Black and grey tattoos hurt less: “When you get a color tattoo, especially a bold, traditional color tattoo, the process is more traumatizing to your skin because the ink goes a little deeper. It breaks the skin more to let the color in, unlike the fine-line black and grey tattoos, which just kind of scratch the surface. If it’s solid lettering in black, it might scab a little, but generally the more delicate black tattoos should be a little easier on the skin than color.”
Yelp your way to the tattoo parlor: “Word of mouth is important; get someone to refer you. Make sure that you see a broad spectrum of the artist’s work. These days, most artists have an Instagram, so you can get a good sense of their work beforehand. They may do an amazing portrait, but if you want, like, your grandma’s name, you have to make sure you see their technical side, too. Also, make sure that wherever you’re going is a reputable shop before getting anything done. You should look around and to see that it’s sterile and clean, and that they’re using gloves and all that. All shops use new needles, so that should never be a problem.”
Expect imperfection, and touch-ups: “People need to know that realistically, for a whole tattoo, there’s going to be some little thing that’s not perfect. When you break it down, it’s pretty rudimentary—you are just using a needle to push ink under the top layer of a person’s skin. And I tell everyone getting knuckle tattoos, ‘You know, you have to be careful because there is no guarantee how the fingers heal.’ Although girls usually heal better than guys for some reason, but you can always get it touched up later. Sometimes it comes out perfectly, but that’s usually just a section—there is always going to be some kind of little inconsistency.”
Support laser research: “I’ve had a lot of people come to me to cover a bad tattoo, but it’s kind of a weird tattoo-politics thing to not go over someone else’s work. I won’t go over someone else’s tattoo if it’s a person I know and respect—or at least have heard of, but if it’s just some guy who learned how to do it in his garage, I don’t care about that. But in the well-established tattoo community, that’s not OK.”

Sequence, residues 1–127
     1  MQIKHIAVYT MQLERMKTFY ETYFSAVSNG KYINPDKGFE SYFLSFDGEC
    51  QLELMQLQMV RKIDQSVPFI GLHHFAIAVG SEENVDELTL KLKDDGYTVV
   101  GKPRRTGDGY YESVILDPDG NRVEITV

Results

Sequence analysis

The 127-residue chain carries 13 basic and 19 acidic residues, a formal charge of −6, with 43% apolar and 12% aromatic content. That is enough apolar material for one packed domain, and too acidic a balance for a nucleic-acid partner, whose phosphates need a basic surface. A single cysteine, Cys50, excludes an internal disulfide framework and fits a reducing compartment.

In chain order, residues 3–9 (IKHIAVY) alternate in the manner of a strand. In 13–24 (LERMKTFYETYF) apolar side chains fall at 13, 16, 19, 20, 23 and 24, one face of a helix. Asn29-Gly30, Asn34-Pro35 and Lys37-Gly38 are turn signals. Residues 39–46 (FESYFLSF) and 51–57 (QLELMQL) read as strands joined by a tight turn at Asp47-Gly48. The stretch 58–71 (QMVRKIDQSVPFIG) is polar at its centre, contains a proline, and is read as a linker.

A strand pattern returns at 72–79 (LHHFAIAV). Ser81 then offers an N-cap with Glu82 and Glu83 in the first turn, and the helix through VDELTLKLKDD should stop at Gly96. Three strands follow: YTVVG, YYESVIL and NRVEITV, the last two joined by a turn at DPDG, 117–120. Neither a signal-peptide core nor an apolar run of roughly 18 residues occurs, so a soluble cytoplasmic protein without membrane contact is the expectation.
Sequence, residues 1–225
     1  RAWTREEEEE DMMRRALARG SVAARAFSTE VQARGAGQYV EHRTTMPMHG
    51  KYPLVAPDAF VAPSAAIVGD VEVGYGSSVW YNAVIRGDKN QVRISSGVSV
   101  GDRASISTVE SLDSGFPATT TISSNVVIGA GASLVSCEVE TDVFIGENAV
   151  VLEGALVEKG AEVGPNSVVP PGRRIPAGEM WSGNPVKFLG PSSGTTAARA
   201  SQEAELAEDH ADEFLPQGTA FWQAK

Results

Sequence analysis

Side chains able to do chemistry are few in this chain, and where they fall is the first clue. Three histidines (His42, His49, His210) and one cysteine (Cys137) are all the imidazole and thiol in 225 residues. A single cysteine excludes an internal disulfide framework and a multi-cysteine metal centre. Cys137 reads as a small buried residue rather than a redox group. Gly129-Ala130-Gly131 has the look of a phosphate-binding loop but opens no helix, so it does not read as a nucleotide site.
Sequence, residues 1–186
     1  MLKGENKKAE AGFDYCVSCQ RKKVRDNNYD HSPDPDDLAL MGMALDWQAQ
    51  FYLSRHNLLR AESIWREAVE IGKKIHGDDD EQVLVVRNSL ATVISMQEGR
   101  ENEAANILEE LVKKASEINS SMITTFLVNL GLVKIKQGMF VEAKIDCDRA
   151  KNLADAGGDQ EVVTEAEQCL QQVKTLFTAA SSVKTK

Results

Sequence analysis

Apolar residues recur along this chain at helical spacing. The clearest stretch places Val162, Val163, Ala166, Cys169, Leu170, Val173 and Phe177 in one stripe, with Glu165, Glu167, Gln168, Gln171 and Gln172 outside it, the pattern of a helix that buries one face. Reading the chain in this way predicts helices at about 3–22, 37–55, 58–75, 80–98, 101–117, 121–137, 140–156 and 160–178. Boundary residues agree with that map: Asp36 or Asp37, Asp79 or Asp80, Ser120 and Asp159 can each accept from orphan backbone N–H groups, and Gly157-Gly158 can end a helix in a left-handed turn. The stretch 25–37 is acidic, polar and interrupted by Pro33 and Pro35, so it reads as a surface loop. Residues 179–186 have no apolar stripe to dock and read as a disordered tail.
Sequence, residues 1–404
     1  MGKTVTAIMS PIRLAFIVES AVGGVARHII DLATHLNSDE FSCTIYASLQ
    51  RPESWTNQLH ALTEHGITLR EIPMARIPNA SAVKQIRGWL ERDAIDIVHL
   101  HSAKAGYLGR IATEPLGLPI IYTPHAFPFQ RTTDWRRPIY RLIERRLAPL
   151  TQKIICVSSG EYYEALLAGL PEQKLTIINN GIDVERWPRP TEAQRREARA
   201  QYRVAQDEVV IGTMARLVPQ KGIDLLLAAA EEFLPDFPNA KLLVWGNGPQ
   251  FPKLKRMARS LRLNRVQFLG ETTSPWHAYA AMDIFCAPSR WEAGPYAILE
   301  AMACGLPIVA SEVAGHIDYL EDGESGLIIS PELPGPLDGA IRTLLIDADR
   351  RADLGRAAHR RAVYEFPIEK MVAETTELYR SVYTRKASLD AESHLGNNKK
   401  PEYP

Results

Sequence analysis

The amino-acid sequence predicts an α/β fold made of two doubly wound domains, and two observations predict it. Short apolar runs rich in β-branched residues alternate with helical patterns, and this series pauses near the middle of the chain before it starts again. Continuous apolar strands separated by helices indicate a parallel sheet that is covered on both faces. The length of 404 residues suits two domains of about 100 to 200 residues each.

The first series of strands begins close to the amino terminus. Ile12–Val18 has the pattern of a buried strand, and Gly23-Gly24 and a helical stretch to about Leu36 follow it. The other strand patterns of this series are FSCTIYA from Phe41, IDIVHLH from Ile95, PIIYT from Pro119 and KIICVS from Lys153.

Don’t jinx your relationship, and also don’t be a moron: “What I’m doing is more individual, specific to the client, rather than just choosing something from a tear sheet that someone might think looks cool but is actually offensive. Although now, too, some people will go straight to the knuckle for their first tattoo—I do it sometimes, but it’s really not something I like to do. Like, if a kid comes in and he doesn’t have anything on his arms or anywhere else, you’re not just going to tattoo his hands or his neck. But it’s not as taboo as it used to be. Though the ones I do on the fingers are so delicate that, even though technically it’s still the hand, it’s a different kind of thing than a traditional knuckle tattoo. And I will do a lover’s name, but I’ll tell the person straight-up that it’s a curse. I’ve covered those a couple of times.”
New tattoos are moody, scabby teenagers: “Right when you first get a tattoo, it will be red and a little puffy and the skin will be very raw and broken. Within the next couple of days, depending on the kind of tattoo you get, it should start to dry a little and get scabby or kind of flaky—that’s when you just use a little bit of unscented lotion. Then it heals, but it will still stay a little shiny because that’s new skin underneath—eventually that will even out. People tend to overthink the process of taking care of their new tattoo, and they actually end up getting it infected. When I started getting tattoos, five of them got infected, and I thought I was allergic to the ink. But it was actually too much lotion, too much anti-bacterial this, or anti-bacterial that, or keeping it covered or bandaged all the time—those things can be bad. Now I just use Cetaphil—fragrance-free—because my skin is very sensitive. A new tattoo’s like having a teenager—you don’t want to mess with it too much or it will turn on you.”
Photos 1-24 provided by Dr. Woo via his Instagram account: @dr_woo_ssc